Ibogaine is an indole alkaloid that is obtained either by extraction from the iboga plant or by semi-synthesis from the precursor compound voacangine, another plant alkaloid.  Ibogaine-containing preparations are used for medicinal and ritual purposes within African spiritual traditions of the Bwiti, who claim to have learned it from the Pygmy peoples.

Therapeutic Uses:

The most-studied therapeutic effect of ibogaine is the reduction or elimination of addiction to opioids. An integral effect is the alleviation of symptoms of opioid withdrawal. Research also suggests that it may be useful in treating dependence on other substances such as alcohol, meth, and nicotine and may affect compulsive behavioral patterns not involving substance abuse or chemical dependence.

Many users report experiencing visual phenomena during a waking dream state, such as instructive replays of life events that led to their addiction, while others report therapeutic shamanic visions that help them conquer the fears and negative emotions that might drive their addiction. It is proposed that intensive counseling, therapy and aftercare during the interruption period following treatment is of significant value. Some individuals require a second or third treatment session with ibogaine over the course of the next 12 to 18 months. A minority of individuals relapse completely into opiate addiction within days or weeks.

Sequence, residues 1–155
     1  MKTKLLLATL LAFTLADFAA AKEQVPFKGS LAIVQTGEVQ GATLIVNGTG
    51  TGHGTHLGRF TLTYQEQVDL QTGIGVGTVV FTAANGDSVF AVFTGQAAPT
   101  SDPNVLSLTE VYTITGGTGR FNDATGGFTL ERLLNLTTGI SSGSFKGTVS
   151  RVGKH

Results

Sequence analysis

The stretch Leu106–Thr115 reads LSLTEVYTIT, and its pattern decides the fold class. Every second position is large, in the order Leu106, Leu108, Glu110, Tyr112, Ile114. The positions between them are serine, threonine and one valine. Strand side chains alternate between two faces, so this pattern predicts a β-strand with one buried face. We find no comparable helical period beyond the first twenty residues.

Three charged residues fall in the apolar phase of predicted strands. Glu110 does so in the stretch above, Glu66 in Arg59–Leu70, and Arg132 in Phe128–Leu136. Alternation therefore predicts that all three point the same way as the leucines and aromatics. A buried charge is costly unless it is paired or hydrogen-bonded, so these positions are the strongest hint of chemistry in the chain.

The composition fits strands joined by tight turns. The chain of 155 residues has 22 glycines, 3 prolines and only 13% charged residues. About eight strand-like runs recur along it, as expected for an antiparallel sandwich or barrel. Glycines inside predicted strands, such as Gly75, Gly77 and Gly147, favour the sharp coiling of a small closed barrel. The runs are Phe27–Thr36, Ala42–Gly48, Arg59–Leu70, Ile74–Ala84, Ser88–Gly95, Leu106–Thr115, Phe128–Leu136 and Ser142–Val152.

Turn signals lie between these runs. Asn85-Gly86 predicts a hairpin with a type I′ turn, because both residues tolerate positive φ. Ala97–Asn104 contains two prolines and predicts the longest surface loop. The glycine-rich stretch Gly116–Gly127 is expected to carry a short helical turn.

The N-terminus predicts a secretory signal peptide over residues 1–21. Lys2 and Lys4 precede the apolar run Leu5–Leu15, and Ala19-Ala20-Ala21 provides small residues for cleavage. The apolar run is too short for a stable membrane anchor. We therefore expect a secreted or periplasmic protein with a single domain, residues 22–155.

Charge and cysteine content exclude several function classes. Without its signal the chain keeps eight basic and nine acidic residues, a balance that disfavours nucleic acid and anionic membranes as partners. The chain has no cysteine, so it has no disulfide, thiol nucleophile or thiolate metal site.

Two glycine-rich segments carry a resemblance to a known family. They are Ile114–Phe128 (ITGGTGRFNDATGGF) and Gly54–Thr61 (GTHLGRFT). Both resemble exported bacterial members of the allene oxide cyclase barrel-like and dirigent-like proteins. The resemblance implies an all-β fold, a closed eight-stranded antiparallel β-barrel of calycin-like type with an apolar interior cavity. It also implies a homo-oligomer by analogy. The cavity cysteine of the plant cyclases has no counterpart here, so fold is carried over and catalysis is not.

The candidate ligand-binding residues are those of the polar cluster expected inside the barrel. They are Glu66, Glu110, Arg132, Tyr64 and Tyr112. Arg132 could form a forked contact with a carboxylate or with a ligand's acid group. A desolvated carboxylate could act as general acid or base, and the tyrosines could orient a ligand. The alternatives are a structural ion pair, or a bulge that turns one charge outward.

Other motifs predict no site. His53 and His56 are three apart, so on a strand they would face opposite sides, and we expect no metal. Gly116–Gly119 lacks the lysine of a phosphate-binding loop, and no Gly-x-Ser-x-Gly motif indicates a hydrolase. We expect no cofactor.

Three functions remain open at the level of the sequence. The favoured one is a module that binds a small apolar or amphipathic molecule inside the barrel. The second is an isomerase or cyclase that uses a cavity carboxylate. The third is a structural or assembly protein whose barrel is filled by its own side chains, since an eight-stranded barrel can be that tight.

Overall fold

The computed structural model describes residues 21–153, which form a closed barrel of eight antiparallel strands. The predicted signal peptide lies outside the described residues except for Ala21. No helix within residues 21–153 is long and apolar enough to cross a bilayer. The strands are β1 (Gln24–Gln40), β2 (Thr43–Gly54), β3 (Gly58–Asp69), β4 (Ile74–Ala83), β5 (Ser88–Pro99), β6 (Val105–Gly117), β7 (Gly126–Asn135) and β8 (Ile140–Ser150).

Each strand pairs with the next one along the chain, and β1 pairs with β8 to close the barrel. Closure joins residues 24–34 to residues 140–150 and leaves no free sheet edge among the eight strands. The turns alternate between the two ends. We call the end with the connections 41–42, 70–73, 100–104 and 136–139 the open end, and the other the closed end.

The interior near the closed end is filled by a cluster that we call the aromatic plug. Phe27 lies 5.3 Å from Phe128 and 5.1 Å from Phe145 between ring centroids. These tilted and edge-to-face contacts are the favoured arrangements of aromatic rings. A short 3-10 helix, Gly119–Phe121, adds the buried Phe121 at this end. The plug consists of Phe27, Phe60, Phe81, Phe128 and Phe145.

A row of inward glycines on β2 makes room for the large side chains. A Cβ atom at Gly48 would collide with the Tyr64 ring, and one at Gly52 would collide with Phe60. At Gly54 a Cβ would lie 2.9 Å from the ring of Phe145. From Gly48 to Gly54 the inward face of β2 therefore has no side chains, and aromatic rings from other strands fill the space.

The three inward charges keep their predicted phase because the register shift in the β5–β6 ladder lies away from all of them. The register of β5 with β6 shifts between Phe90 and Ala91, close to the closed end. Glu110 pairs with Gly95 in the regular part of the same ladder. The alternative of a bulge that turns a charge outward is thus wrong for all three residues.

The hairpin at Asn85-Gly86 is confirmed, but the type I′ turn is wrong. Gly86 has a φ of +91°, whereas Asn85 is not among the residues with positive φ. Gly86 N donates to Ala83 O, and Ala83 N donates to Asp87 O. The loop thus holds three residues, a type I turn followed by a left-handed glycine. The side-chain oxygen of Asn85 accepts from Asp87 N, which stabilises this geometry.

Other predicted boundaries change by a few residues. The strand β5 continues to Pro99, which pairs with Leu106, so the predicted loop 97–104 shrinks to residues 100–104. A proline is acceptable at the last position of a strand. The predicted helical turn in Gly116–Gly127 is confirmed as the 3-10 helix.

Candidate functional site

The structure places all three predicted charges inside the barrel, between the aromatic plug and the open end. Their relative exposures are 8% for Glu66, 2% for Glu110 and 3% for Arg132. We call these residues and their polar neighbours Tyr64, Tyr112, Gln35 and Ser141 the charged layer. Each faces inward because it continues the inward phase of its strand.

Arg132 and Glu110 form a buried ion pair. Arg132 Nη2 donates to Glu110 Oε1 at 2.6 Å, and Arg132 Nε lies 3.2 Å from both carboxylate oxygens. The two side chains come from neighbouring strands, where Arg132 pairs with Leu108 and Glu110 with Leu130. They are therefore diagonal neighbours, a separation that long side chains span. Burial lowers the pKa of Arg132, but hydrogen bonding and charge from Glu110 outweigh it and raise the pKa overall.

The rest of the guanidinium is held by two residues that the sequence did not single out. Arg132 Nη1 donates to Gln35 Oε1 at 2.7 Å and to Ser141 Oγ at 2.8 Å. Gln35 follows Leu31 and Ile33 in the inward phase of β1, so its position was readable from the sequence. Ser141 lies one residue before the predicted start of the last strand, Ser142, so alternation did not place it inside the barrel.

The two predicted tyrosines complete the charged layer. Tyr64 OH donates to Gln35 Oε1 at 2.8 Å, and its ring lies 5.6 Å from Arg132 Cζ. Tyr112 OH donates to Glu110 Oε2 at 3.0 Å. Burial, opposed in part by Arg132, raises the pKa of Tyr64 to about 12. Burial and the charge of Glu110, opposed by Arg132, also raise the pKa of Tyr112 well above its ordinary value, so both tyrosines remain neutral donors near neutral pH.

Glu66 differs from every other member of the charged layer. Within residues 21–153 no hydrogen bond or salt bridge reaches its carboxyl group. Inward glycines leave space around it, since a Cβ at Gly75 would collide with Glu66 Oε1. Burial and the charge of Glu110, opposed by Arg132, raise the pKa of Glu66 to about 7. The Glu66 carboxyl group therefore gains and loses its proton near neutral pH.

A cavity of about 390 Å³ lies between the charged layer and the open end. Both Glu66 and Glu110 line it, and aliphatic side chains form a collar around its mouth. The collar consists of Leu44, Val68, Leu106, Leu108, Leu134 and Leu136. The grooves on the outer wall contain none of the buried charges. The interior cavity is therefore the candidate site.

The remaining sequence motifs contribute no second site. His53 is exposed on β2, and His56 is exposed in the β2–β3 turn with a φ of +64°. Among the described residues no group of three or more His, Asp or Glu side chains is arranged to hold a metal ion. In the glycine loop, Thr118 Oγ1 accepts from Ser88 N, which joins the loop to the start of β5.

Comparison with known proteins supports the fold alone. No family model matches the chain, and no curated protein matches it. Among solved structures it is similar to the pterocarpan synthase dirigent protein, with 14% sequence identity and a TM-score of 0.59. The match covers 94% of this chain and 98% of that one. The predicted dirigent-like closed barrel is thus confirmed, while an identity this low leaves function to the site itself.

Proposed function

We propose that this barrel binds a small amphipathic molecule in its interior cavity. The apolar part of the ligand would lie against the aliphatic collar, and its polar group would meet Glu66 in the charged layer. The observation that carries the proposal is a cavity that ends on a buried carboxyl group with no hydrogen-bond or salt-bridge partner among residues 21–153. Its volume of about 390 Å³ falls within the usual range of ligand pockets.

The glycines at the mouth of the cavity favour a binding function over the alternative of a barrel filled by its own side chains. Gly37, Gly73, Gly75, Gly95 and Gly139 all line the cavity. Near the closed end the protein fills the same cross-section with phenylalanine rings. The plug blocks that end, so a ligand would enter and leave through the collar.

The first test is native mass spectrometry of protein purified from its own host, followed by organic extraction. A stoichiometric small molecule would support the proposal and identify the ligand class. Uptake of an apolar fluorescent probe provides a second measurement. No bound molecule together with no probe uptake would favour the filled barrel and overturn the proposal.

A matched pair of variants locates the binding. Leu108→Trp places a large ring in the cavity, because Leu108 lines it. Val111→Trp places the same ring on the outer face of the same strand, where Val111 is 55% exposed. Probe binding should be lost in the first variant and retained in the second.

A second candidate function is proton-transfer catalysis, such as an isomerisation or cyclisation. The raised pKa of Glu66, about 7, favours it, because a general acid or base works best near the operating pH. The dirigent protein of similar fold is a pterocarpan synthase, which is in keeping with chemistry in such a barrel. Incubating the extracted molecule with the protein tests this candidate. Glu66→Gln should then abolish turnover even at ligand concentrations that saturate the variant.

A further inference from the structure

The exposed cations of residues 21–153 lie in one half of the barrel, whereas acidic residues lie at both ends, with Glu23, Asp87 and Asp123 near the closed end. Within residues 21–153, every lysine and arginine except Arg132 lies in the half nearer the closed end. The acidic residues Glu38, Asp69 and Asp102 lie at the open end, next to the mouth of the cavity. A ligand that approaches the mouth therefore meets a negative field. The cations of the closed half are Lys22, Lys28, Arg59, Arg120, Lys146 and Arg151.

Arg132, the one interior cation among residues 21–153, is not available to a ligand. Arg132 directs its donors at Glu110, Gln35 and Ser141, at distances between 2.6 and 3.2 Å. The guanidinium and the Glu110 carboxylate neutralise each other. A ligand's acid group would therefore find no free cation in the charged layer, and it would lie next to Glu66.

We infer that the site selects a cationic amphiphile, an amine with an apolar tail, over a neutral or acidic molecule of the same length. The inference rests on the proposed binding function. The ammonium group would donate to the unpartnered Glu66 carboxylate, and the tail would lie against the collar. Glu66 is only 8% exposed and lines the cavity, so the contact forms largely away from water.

Psychoactive Effects:

Ibogaine catalyzes an altered state of consciousness reminiscent of dreaming while fully conscious and aware so that memories, life experiences, and issues of trauma can be processed. It can be broken down into two phases: the visionary phase comes first and then the introspection phase.

  • Visionary phase: dream-like nature that lasts for 4-6 hours

  • Introspection phase: allow people to conquer fears and negative emotions

Side Effects:

One of the first noticeable effects of large-dose Ibogaine ingestion is ataxia, a difficulty in coordinating muscle motion which makes standing and walking difficult without assistance. Dry mouth, nausea and vomiting may follow. These symptoms may be long in duration, ranging from 4 to 24 hours in some cases. Psychiatric medications are strongly contraindicated in Ibogaine therapy due to adverse interactions. Some studies also suggest the possibility of adverse interaction with heart conditions

Legal Status:

  • As of 2009, it is unregulated in Canada and Mexico.
  • Sweden and United States: Schedule I
  • Unregulated in Norway
  • Unregulated in Germany, but for medical use it can be regulated by the pharmacy rules (AMG).
  • New Zealand in 2009:  a non-approved prescription medicine.




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